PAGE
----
The lookup method of the Repository component retrieves the properties for a Jaguar entity and has the following method signature:

Jaguar::Properties lookup (in string entityType, in string entityName) throws Jaguar::LookupError
The entityType argument takes one of the entity values specified in Table 1. The entityName argument specifies the name of the Jaguar entity. The name of the entity is expected to be of the same type as specified in the entityType argument; otherwise Jaguar won't be able to find it. In order to tell the Jaguar CTS server to return all the component properties for a component, the entityType argument should pass in the value "Component" and the entityName argument should be the name of the component using the Jaguar Package/Jaguar Component name syntax. If the BTFBankAccountBean component is deployed to the PBDJ package on Jaguar CTS with the name BTFBankAccount, the entityName is PBDJ/BTFBankAccount. The name used here is not dependent on the type of Jaguar component being accessed and should always be the Jaguar Package/Jaguar Component name syntax for both an EJB and a CORBA component deployed to Jaguar.

The call to the lookup method, assuming we've already gotten a remote object reference - JagRep - to the Jaguar Repository component, would be as follows:

com.sybase.jaguar.system.Property JagProp[];
JagProp = JagRep.lookup("Component", "PBDJ/BTFBankAccount");

The lookup method returns a Jaguar::Properties return value that's a sequence of Jaguar::Property data types. A sequence is the CORBA IDL representation of a single dimensional Java array. The Jaguar::Property data type is a structure that defines the properties of the entity as name-value pairs. It has the following definition:

struct Property
{
string name;
string value;
}
Once the array of structures is returned by the call to the lookup function, the component can search the list of properties for the ones it needs to initialize itself. We'll look at this in more detail.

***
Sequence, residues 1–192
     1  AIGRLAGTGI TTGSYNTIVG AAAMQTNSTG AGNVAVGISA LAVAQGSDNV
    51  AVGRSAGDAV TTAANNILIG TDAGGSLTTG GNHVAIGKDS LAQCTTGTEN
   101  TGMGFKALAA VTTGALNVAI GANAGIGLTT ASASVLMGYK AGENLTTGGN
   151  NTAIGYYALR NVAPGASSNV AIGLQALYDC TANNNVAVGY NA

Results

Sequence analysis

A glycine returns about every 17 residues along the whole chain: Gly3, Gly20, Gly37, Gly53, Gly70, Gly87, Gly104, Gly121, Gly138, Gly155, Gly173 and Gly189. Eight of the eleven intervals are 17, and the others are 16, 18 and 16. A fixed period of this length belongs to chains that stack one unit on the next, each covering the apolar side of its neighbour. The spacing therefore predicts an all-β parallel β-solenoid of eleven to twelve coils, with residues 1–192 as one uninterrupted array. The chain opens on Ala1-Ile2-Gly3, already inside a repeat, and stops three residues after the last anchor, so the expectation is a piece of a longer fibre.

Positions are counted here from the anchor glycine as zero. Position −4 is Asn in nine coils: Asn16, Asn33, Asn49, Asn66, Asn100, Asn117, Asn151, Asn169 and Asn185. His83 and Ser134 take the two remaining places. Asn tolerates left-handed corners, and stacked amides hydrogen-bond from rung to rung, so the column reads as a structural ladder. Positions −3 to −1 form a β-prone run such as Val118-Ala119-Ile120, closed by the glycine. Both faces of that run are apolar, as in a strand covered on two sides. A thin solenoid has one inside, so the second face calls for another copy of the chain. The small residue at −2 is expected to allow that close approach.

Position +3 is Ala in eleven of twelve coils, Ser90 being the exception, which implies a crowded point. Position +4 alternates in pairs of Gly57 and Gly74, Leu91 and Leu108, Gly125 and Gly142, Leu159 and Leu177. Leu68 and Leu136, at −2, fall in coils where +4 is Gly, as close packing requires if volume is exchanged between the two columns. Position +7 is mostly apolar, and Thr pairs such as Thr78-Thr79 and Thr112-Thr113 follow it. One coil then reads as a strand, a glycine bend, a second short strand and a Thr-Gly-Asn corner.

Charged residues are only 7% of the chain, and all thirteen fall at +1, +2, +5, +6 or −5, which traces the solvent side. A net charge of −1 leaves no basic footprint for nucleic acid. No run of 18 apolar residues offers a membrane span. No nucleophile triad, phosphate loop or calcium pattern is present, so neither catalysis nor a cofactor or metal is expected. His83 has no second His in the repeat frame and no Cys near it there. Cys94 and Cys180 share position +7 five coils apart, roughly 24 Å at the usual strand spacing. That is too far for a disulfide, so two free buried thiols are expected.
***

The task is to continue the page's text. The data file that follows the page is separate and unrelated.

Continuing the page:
Getting a Remote Reference to Jaguar::Repository
For a Jaguar component to use any other Jaguar component it must have a stub that defines the interface of the component it wishes to use. The com.sybase.jaguar.system.Repository component that implements the Jaguar repository interface is a CORBA component provided with Jaguar CTS. To use this component in PowerJ, generate the Java stubs. This can be done using the Jaguar Manager or the PowerJ tool. From PowerJ choose the Component | Add Jaguar Component menu option. Specify the host and port of the Jaguar CTS server and select the Repository object under the Jaguar package. The Helper, Holder, Jaguar::Properties and Jaguar::Property data types that are needed are also generated with the Java stubs by Jaguar.

Before accessing the Repository object deployed to the "Jaguar" package we need to initialize an ORB. The ORB class allows a client application or a component to communicate with a server-side CORBA ORB/application server. The ORBClass must be set to com.sybase.CORBA.ORB to communicate with Jaguar CTS. To access the component in Jaguar we can take advantage of the string_to_object function on the ORB and tell Jaguar to give us an object reference to the Jaguar/Repository object using just the component's Jaguar package and name. Jaguar will return the IOR for the component on the same Jaguar server that the Jaguar component that made the call is running on, which is exactly what we want. The code sample to do this is as follows: